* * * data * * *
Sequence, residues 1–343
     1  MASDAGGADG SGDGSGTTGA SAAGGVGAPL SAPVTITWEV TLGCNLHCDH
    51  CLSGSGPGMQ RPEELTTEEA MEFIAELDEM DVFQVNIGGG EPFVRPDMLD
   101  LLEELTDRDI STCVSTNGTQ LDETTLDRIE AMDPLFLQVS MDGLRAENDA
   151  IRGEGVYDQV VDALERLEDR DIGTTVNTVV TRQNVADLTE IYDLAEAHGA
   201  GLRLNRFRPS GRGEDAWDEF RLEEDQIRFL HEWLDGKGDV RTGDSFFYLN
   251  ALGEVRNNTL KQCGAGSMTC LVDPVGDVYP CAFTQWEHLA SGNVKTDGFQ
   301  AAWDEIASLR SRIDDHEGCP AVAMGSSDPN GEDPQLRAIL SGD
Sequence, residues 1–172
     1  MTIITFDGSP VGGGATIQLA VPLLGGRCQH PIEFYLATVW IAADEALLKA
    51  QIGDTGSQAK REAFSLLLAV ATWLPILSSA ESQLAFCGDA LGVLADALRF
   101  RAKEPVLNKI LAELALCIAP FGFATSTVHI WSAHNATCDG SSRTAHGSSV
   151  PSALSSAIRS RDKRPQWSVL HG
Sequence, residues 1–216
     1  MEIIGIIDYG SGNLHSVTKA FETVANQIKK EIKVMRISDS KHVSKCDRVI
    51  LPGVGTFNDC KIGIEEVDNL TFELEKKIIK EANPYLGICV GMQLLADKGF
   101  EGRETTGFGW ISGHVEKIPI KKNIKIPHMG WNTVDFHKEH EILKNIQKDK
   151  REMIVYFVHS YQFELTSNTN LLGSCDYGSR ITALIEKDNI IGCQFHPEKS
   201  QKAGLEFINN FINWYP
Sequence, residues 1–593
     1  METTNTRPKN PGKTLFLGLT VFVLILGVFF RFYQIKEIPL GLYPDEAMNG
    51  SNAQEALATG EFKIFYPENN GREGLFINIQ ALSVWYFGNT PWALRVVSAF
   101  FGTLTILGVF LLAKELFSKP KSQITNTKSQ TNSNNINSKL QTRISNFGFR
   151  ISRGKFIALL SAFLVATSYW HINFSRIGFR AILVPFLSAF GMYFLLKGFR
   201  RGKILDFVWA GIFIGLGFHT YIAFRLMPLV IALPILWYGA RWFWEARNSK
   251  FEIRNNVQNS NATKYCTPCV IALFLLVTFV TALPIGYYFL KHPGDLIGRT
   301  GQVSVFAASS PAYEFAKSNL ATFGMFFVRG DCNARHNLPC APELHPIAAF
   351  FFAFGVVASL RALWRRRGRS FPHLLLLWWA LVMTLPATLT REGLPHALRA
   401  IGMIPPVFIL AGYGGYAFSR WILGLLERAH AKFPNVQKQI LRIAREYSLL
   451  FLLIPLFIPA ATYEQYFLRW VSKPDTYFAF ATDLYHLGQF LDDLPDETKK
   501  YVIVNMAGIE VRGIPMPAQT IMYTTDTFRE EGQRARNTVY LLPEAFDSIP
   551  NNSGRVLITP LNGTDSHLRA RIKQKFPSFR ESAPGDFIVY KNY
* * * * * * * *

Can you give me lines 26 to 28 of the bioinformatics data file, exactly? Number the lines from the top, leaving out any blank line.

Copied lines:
   251  FEIRNNVQNS NATKYCTPCV IALFLLVTFV TALPIGYYFL KHPGDLIGRT
   301  GQVSVFAASS PAYEFAKSNL ATFGMFFVRG DCNARHNLPC APELHPIAAF
   351  FFAFGVVASL RALWRRRGRS FPHLLLLWWA LVMTLPATLT REGLPHALRA